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CPSC 411, Fall 2008: Set 1228 Example of a Reduction Given an arbitrary H input (encoding of a program P and an input X for P), compute an L NE input (encoding of a program P') such that P halts on input X if and only if P' halts on at least one input. Construction consists of writing code to describe P'. What should P' do? It's allowed to use P and X

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CPSC 411, Fall 2008: Set 1229 Example of a Reduction The code for P' does this: input X': ignore X' call program P on input X if P halts on input X then return whatever P returns How does P' behave? If P halts on X, then P' halts on every input If P does not halt on X, then P' does not halt on any input

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CPSC 411, Fall 2008: Set 1230 Example of a Reduction Thus if (P,X) is a YES input for H (meaning P halts on input X), then P' is a YES input for L NE (meaning P' halts on at least one input). Similarly, if (P,X) is NO input for H (meaning P does not halt on input X), then P' is a NO input for L NE (meaning P' does not halt on even one input) Since H is undecidable, and we showed H ≤ m L NE, L NE is also undecidable.

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CPSC 411, Fall 2008: Set 1231 Generalizing Such Reductions There is a way to generalize the reduction we just did, to show that lots of other languages that describe properties of programs are also undecidable. Focus just on programs that accept languages (sets of strings): I.e., programs that say YES or NO about their inputs Ex: a compiler tells you YES or NO whether its input is syntactically correct

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CPSC 411, Fall 2008: Set 1232 Properties About Programs Define a property about programs to be a set of strings that encode some programs. The "property" corresponds to whatever it is that all the programs have in common Example: Program terminates in 10 steps on input y Program never goes into an infinite loop Program accepts a finite number of strings Program contains 15 variables Program accepts 0 or more inputs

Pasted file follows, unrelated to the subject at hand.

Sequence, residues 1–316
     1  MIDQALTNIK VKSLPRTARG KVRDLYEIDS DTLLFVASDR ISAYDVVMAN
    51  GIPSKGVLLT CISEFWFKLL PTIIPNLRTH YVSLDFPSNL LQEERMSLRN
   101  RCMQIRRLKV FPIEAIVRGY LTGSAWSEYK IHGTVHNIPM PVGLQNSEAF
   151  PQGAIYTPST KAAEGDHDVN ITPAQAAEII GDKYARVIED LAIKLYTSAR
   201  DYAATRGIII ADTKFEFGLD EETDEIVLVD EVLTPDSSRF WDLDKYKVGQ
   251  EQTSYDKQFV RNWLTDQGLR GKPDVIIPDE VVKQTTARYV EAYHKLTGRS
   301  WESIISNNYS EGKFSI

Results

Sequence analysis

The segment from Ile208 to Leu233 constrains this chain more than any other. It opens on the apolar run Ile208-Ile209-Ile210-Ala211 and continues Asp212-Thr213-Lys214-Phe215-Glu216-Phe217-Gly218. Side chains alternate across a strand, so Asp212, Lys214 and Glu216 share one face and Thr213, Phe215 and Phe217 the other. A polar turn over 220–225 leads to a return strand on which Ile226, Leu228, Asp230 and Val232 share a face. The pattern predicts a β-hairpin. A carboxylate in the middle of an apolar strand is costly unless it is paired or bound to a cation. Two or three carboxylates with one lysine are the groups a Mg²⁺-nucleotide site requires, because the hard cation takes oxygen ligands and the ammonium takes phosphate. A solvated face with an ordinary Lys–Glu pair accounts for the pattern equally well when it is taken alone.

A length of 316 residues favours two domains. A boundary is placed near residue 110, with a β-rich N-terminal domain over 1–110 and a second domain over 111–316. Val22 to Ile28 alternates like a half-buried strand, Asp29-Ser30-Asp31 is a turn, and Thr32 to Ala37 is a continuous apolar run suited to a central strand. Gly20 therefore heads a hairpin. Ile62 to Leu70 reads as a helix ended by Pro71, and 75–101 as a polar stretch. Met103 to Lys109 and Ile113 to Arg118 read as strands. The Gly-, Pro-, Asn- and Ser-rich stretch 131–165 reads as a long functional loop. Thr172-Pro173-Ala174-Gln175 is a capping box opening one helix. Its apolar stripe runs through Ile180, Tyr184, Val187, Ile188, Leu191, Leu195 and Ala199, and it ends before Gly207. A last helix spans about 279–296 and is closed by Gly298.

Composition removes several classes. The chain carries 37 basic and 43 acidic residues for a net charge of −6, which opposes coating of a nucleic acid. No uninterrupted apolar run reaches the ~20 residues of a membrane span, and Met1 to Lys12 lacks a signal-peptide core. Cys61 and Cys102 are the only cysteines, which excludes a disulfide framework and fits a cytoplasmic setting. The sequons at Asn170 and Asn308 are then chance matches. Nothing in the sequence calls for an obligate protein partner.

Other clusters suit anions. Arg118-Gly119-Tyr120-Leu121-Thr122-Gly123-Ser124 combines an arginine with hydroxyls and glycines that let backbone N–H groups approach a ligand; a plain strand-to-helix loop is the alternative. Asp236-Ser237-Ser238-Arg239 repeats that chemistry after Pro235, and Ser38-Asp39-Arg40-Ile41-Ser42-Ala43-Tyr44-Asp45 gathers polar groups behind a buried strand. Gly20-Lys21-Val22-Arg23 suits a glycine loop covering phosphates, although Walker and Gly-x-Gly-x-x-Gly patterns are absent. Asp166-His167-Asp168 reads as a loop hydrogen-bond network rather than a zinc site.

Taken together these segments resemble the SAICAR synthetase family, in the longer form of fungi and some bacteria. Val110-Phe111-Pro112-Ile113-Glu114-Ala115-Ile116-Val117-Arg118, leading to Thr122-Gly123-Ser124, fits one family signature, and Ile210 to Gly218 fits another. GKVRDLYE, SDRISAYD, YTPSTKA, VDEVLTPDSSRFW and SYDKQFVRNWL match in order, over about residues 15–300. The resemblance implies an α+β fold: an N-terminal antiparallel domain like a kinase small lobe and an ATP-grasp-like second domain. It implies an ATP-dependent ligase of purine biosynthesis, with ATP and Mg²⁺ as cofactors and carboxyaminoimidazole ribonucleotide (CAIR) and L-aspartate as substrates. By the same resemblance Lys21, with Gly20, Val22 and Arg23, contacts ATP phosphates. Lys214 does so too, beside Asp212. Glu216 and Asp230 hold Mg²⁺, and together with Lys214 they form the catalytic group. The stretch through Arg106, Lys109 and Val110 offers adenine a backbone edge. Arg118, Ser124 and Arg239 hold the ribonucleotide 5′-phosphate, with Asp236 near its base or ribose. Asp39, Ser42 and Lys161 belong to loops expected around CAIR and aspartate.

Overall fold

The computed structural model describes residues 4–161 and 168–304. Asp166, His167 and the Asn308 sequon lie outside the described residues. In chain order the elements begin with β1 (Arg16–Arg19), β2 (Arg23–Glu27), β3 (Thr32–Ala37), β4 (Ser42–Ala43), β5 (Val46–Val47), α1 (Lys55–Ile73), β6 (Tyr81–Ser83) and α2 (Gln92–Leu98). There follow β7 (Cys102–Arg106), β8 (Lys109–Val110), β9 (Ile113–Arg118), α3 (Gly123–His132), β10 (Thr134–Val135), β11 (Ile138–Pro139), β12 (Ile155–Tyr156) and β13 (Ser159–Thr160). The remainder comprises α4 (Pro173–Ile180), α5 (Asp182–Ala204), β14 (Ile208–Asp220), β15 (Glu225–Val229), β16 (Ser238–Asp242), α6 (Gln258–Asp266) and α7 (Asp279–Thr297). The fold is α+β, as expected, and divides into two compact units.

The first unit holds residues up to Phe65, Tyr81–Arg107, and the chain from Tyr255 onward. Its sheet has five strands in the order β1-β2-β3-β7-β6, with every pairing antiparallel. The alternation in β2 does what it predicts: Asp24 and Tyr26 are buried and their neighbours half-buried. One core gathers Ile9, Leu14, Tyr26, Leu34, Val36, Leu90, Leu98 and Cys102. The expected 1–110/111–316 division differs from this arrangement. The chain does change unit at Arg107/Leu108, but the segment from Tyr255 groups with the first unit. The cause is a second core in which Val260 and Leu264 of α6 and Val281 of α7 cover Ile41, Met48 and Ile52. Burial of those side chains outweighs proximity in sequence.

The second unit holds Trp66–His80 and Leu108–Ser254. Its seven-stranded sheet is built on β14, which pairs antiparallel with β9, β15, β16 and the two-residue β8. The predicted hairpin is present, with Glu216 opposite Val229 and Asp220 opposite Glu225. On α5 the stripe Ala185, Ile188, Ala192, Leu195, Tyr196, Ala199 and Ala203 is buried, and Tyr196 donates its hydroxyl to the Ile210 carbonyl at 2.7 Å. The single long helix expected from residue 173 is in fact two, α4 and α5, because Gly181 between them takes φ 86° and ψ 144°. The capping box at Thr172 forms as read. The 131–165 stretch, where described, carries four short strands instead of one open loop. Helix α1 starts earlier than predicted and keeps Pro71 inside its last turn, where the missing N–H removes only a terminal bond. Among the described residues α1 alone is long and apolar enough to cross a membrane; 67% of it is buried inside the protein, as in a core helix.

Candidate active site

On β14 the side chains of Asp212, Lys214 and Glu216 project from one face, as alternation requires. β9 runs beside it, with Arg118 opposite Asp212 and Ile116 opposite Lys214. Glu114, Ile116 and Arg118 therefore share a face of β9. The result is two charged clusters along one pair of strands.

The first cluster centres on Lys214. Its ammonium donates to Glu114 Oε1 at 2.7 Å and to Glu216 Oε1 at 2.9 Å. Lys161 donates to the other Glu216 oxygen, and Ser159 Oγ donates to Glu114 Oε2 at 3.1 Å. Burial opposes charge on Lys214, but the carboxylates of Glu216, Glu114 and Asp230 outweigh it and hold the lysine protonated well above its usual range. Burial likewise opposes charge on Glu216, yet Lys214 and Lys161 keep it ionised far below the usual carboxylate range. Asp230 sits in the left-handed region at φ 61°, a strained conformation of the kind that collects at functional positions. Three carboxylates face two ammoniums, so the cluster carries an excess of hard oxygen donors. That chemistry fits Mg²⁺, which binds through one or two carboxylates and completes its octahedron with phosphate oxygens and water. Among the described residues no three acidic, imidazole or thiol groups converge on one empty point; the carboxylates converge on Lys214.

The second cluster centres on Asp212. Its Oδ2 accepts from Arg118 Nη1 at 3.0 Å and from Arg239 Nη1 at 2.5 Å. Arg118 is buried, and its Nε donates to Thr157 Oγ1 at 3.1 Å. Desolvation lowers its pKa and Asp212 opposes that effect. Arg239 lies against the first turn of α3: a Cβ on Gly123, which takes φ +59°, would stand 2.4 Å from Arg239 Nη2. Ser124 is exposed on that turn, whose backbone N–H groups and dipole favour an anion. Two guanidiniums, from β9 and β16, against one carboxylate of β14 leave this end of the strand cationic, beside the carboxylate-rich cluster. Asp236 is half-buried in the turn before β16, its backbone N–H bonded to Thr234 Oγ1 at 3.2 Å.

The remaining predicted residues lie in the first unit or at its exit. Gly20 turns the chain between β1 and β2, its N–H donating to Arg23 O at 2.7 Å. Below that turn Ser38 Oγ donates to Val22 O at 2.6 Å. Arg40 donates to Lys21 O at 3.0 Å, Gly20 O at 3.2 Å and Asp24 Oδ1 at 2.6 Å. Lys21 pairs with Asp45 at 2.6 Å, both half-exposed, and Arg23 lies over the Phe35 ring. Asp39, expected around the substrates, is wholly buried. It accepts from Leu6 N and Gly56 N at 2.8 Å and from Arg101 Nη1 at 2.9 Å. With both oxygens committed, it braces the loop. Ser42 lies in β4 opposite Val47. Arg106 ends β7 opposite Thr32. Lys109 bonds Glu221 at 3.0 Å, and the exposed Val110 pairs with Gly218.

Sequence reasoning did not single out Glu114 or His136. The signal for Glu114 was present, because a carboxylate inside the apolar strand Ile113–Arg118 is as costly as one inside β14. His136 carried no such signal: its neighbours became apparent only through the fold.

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CPSC 411, Fall 2008: Set 1233 Functional Properties A property about programs is called functional if it just refers to the language accepted by the program and not about the specific code of the program Program terminates in 10 steps on input y Program never goes into an infinite loop Program accepts a finite number of strings Program contains 15 variables Program accepts 0 or more inputs functional not functional

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CPSC 411, Fall 2008: Set 1234 Nontrivial Properties A functional property about programs is nontrivial if some programs have the property and some do not Program never goes into an infinite loop Program accepts a finite number of strings Program accepts 0 or more inputs nontrivial trivial

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CPSC 411, Fall 2008: Set 1235 Rice's Theorem Every nontrivial (functional) property about programs is undecidable. The proof is a generalization of the reduction shown earlier. Very powerful and useful theorem: To show that some property is undecidable, only need to show that is nontrivial and functional, then appeal to Rice's Theorem

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CPSC 411, Fall 2008: Set 1236 Applying Rice's Theorem Consider the property "program accepts a finite number of strings". This property is functional: it is about the language accepted by the program and not the details of the code of the program This property is nontrivial: Some programs accept a finite number of strings (for instance, the program that accepts no input) some accept an infinite number (for instance, the program that accepts every input) By Rice's theorem, the property is undecidable.

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CPSC 411, Fall 2008: Set 1237 Implications of Undecidable Program Property It is not possible to design an algorithm (write a program) that can analyze any input program and decide whether the input program satisfies the property! Essentially all you can do is simulate the input program and see how it behaves but this leaves you vulnerable to an infinite loop Thought question: Then how can compilers be correct?